Tetra Bio-Pharma Inc. and the New Brunswick Health Research Foundation will each be investing $500,000 over the course of five years to establish a health research chair in cannabis at UNB.
Expected to begin in the 2017-2018 fiscal year, the purpose of this position is to study the medicinal applications of cannabis, as well as its biochemistry and pharmacology. Patients suffering pain from chronic treatment or PTSD will benefit from the further development of cannabis-based therapies, an innovation in the healthcare field.
This health research chair is the first in pharmacological sciences around the world.
“We believe in the power of research to advance innovation within New Brunswick. With 75 per cent of the province’s publicly funded research taking place at UNB, we’re thrilled to play a central role,” said David MaGee, UNB’s acting vice-president research, in a press release.
Edward Miller is vice-president of international relations and corporate communications at Tetra Bio-Pharma Inc., a biopharmaceutical company that specializes in cannabinoid-based drug research. He identified New Brunswick as a global leader in research related to cannabis health care products.
“[New Brunswick] is taking the role of pharmaceutical research and clinical research to provide clinical data—which health care professionals across the world will be able to use,” said Miller.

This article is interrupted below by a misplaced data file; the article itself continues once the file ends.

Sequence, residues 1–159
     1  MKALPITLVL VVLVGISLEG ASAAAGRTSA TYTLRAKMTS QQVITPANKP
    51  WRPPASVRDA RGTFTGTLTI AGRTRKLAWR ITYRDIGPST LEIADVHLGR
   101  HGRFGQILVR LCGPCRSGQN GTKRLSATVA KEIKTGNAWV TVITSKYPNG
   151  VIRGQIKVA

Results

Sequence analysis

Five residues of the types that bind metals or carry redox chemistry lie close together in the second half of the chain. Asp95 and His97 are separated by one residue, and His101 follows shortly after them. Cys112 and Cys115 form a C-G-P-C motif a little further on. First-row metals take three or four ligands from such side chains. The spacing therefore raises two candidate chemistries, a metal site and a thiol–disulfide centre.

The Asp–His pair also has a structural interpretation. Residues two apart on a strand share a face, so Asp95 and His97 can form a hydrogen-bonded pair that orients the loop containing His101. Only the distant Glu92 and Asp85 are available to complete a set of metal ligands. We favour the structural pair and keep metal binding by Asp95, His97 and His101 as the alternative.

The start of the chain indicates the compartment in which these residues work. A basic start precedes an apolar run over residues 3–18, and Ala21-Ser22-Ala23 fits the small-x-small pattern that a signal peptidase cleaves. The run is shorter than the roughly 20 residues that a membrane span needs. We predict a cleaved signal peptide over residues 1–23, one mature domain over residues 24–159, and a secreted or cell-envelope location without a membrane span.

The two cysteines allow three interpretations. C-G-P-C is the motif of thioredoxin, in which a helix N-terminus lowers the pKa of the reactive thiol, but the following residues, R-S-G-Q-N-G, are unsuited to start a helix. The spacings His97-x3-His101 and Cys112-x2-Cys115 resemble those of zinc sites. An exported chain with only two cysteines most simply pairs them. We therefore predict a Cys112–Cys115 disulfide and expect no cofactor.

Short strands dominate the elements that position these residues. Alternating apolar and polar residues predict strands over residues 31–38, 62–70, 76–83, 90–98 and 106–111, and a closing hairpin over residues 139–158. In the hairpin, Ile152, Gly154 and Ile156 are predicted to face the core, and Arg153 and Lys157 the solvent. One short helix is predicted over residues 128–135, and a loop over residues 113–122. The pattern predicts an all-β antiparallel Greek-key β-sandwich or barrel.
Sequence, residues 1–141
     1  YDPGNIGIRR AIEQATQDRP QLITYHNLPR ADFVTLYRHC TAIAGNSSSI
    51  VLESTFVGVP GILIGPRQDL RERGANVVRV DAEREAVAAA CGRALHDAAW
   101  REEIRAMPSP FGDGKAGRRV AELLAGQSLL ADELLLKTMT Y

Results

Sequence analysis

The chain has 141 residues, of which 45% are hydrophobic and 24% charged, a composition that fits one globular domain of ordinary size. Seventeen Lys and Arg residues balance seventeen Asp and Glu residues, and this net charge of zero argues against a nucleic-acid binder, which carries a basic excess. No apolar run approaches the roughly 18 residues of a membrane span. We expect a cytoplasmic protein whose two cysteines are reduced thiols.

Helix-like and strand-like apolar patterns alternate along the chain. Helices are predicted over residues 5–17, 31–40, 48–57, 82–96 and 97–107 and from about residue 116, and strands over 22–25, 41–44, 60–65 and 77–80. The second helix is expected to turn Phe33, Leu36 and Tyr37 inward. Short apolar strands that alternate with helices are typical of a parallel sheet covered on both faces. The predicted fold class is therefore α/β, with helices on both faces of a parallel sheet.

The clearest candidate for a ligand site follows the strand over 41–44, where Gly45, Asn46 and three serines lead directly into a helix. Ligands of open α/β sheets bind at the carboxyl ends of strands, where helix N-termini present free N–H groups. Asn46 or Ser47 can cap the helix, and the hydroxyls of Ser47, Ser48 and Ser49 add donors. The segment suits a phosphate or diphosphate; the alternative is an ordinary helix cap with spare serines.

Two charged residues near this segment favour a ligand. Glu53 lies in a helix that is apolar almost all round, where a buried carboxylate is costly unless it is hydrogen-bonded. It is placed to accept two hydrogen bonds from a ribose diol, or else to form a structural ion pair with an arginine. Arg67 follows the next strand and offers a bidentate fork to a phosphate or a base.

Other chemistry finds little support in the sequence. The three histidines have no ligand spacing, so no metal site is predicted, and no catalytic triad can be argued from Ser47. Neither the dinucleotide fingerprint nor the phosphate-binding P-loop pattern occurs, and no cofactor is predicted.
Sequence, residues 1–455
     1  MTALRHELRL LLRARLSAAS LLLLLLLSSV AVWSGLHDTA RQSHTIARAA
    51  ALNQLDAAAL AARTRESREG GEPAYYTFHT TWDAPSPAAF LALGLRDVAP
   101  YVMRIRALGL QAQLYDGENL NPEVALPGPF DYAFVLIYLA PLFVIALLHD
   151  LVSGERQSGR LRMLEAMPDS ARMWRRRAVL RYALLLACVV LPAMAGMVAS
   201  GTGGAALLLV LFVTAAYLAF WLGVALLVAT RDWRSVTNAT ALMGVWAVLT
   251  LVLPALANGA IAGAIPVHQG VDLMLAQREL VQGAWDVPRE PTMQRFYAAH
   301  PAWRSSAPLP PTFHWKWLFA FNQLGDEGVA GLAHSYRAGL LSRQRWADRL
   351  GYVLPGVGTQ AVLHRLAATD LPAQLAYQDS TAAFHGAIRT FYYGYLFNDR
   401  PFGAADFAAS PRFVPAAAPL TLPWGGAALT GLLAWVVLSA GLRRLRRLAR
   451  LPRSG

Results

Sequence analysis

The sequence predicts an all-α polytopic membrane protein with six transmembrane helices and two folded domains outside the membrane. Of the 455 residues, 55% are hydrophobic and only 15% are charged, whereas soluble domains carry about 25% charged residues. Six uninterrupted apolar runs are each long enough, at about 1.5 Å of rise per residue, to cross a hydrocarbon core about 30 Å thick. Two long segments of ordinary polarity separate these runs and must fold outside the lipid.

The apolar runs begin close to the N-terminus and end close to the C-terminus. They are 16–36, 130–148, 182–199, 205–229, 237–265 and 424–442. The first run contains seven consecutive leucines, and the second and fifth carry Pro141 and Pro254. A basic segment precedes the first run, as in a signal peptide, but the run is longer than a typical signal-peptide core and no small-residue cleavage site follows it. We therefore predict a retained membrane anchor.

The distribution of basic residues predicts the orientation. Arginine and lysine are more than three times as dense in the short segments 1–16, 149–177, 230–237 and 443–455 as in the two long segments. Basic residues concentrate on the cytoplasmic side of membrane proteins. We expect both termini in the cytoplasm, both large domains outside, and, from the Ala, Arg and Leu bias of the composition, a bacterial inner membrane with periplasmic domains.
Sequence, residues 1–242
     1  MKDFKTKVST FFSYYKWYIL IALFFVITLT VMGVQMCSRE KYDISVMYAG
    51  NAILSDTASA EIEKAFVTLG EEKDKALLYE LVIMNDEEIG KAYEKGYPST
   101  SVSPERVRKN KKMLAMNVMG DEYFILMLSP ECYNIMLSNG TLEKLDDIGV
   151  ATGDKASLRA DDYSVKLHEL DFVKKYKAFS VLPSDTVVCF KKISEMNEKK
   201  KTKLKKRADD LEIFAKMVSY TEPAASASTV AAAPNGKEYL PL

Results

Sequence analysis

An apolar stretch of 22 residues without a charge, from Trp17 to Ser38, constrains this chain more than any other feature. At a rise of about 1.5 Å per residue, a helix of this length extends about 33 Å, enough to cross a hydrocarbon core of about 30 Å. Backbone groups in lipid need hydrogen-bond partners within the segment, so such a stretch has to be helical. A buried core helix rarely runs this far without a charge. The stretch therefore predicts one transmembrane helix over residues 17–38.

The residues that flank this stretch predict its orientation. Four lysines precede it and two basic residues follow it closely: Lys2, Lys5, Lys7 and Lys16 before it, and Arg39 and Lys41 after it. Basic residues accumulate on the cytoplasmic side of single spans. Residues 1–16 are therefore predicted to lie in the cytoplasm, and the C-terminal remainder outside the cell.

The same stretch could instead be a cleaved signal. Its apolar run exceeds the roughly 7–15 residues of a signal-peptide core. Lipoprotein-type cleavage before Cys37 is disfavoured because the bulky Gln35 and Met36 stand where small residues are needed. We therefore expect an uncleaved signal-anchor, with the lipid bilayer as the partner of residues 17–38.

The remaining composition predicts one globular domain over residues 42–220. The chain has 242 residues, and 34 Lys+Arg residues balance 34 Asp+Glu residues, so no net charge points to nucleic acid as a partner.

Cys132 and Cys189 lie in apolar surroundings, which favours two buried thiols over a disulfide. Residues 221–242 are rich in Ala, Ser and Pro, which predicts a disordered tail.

This is opposed to anecdotal evidence that marijuana works. Instead, said Miller, “now they’re focused on cannabis and developing this research to provide this clinical data and understanding, medically, what happens with cannabis.”
According to Bruno Battistini, CEO, president and scientific director of the New Brunswick Health Research Foundation, the research done by this health research chair will also provide opportunities for university students to work in botanical product research.
“When we provide chairs like this one, we provide the funding to recruit an outstanding academic health researcher that will be recruited as a faculty within the university—but that same person basically builds a pyramid of training and mentorship,” said Battistini.
Although the purpose of this research chair is not to study recreational cannabis, the federal government’s promises on upcoming legalization and overall support for cannabis-related research has played a role in establishing this new position.
“The government has been an integral part of opening up this industry and has been extremely supportive,” Miller said. “The health minister was at the launch [of the research chair] and they’ve been— the government, the foundation, the university—all have been really working together towards bringing this together.”
“At the end of the day, it was a visionary decision that says, ‘well, this is coming’.” said Battistini, regarding the provincial government’s role in establishing the research chair.
“They wanted to position the province in a strong position to capture potential return on investment when it comes to this legalization of cannabis.”